Never Go Back Posted on December 14, 2015

Once upon a time

‘Never Go Back’ was the title of the last poem of one of my heroes, the late Felix Dennis. Not his best poem (the tree ones are best) but good advice. ‘Never go back to the bridges you’ve burned.’

I broke that rule when I went back last week to Saling Hall, our home for 42 years. No one has lived in it since we left; the new owner plans to turn it into a hotel, but nothing has happened. Our former gardener, Aileen, keeps an eye on the house from her cottage in the old stables.

But the garden is another matter. The old pink brick garden walls, dated 1698 and Grade Two listed, have been rebuilt in new bricks (so much for the lichens and toadflax and my laboriously planted wallflowers). There are two splendid new greenhouses. And half the trees in the arboretum have been removed (there were once nearly 1,000 species and varieties of woody plants), and most of the shrubs.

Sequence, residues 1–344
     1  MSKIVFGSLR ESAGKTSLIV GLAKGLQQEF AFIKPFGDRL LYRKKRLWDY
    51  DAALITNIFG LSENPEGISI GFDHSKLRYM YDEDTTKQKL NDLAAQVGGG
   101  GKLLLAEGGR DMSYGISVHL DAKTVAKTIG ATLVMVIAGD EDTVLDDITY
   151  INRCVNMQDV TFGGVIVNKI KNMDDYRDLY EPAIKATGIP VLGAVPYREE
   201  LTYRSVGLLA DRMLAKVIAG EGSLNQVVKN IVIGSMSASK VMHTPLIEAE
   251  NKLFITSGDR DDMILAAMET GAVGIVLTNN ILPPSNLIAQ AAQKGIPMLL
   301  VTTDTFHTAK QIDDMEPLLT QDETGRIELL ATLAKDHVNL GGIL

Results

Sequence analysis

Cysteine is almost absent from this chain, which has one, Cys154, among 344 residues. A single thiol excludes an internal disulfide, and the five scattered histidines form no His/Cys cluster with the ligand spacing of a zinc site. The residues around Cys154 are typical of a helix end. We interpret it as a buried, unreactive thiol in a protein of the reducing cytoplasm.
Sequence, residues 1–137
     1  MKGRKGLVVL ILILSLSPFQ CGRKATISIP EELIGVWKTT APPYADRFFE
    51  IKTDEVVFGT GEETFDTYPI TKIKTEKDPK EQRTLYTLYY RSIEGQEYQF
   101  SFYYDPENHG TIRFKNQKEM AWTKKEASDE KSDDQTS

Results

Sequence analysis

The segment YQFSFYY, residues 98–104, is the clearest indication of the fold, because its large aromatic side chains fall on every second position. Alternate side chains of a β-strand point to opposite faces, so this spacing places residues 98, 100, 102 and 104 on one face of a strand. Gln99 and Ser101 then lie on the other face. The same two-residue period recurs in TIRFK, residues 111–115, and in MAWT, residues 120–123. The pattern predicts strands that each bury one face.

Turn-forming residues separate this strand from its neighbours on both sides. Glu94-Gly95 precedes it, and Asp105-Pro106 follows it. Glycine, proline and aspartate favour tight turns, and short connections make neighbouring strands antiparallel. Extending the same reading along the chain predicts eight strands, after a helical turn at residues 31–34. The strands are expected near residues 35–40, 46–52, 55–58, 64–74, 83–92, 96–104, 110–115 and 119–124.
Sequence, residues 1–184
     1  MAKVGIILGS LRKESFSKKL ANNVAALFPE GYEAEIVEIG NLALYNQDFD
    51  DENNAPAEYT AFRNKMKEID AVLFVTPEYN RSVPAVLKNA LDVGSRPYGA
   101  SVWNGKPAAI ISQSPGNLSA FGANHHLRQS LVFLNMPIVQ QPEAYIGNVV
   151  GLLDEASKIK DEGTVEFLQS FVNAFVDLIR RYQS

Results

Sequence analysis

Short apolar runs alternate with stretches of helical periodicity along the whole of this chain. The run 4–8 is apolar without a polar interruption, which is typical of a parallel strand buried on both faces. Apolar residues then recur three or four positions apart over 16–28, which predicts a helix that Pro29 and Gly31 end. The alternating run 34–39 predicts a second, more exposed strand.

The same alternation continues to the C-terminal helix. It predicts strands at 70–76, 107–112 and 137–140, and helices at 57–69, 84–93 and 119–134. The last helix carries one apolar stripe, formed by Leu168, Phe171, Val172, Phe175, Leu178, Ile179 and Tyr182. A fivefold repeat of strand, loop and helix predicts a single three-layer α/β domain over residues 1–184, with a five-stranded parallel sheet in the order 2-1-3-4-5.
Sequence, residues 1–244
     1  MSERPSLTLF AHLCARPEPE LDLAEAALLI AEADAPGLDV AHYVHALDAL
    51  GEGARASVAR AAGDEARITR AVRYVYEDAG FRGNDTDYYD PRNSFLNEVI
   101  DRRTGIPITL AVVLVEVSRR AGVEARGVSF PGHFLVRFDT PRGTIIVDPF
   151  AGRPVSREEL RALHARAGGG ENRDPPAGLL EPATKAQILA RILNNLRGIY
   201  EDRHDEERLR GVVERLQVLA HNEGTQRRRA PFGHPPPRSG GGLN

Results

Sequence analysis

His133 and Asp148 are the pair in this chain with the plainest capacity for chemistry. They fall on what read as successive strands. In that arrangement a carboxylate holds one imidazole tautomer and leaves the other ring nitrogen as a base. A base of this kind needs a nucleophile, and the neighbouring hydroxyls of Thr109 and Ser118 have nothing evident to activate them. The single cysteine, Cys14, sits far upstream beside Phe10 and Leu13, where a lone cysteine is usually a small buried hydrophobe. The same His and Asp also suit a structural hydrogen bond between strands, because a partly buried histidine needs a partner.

The arboretum was a composition of paths and glades, trees and shrubs, masses and voids with, people said, many moods and secrets. No more. The screens that shielded it from the surrounding roads have gone. Trees I brought from far-off places have gone (though some nursery-grown specimens have been planted). The general look is strong on tidiness.

Could I have clapped a Tree Preservation Order on it all? It never dawned on me that anyone would want to destroy it. And anyway it’s none of my business any more. Felix was right.

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